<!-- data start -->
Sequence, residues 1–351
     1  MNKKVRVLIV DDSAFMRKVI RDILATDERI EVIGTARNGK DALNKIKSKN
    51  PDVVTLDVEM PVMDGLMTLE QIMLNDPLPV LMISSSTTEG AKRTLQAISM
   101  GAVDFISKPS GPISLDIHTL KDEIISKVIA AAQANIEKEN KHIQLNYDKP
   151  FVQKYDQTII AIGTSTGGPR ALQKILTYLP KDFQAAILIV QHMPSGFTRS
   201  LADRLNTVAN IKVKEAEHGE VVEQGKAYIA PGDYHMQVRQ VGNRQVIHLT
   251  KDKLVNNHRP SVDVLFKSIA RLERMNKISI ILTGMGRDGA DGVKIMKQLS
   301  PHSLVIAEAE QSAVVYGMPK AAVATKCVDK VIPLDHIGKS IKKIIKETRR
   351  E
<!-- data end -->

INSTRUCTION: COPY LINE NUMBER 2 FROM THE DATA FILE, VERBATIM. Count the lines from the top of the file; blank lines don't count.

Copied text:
     1  MNKKVRVLIV DDSAFMRKVI RDILATDERI EVIGTARNGK DALNKIKSKN